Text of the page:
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Damn the early payment defaults, full steam ahead

Part 3: Subprime tsunami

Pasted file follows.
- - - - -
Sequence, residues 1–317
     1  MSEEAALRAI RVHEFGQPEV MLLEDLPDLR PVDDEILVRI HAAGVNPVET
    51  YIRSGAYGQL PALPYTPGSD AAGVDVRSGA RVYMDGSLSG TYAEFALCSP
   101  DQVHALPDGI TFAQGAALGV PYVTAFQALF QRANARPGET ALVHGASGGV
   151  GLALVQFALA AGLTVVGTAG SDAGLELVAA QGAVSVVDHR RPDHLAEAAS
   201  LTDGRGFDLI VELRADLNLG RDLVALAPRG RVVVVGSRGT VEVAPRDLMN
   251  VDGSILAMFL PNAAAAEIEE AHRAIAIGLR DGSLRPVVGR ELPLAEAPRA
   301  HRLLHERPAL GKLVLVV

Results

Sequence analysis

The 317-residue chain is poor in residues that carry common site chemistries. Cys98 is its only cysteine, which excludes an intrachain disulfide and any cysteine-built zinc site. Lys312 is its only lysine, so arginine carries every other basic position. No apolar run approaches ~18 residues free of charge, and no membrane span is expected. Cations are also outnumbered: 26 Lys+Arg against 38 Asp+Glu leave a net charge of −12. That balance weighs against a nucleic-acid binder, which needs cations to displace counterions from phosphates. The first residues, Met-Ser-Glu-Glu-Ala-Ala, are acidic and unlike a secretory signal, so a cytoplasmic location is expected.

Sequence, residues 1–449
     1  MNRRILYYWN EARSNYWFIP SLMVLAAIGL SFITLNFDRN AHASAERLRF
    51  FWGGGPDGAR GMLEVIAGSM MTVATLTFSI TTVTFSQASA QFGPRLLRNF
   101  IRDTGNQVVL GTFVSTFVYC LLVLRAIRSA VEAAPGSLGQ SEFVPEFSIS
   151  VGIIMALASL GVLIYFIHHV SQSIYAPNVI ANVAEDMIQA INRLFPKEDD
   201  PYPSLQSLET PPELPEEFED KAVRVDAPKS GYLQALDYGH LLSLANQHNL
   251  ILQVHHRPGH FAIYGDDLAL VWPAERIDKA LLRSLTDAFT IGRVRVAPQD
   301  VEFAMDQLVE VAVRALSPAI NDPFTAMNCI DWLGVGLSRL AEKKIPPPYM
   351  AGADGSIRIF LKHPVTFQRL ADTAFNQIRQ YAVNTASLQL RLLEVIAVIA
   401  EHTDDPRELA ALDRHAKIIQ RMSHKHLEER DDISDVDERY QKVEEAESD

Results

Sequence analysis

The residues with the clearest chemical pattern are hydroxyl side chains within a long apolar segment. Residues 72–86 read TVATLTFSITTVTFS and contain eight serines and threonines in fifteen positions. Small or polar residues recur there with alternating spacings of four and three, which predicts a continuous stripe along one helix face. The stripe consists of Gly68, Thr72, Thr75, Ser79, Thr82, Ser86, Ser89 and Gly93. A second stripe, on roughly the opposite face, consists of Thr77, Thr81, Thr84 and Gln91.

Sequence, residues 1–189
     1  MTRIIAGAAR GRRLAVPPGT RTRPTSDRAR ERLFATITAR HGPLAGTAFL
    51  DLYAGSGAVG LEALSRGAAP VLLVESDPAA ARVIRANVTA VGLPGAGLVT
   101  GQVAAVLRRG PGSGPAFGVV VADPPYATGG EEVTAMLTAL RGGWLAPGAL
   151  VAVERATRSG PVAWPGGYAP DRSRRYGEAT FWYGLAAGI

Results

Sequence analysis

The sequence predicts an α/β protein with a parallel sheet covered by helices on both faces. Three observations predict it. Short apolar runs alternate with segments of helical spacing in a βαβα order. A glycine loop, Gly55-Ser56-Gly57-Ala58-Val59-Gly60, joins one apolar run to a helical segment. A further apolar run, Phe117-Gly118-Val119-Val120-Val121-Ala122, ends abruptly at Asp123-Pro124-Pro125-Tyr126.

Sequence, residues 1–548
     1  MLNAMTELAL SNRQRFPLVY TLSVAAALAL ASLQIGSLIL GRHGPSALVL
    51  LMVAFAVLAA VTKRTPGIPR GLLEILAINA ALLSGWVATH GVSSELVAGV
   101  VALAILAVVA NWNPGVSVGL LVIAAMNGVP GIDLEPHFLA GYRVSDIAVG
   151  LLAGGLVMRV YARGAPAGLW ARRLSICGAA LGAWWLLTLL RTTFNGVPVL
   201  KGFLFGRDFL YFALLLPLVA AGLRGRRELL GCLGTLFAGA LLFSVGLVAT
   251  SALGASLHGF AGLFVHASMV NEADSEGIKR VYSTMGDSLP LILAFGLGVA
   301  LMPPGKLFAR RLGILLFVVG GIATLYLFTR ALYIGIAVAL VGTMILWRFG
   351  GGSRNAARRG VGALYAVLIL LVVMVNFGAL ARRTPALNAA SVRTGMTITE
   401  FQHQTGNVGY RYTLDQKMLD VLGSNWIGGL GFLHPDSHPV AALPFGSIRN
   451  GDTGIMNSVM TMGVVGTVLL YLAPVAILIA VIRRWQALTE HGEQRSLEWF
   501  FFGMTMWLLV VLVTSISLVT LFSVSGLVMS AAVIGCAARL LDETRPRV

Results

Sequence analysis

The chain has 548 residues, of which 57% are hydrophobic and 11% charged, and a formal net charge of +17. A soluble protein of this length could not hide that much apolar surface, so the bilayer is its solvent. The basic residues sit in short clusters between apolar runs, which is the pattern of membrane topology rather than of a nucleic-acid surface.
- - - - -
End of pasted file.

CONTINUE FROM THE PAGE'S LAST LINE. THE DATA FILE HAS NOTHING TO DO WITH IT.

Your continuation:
Editors note: Part three of a four-part series on the crisis in subprime mortgage lending looks at how subprime lenders, having built up the infrastructure needed to originate loans in large volumes, needed to continue making risky loans to remain profitable. (Read Part 1, Part 2 and Part 4.) The Center for Responsible Lending predicts that one in five subprime mortgages originated in the past two years will end up in foreclosure, and that as many as 2.2 million families have already lost their homes or will end up in foreclosure in the next several years. Although the Mortgage Bankers Association and other industry groups say such estimates are alarmist, there's no dispute that many subprime lenders that made money hand-over-fist during the housing boom are now facing a rocky period. Washington Mutual Inc.'s home loans unit, which turned a $1.03 billion profit in 2005, posted $48 million in losses in 2006 after the bank sold nearly all of its subprime mortgage production and scaled b...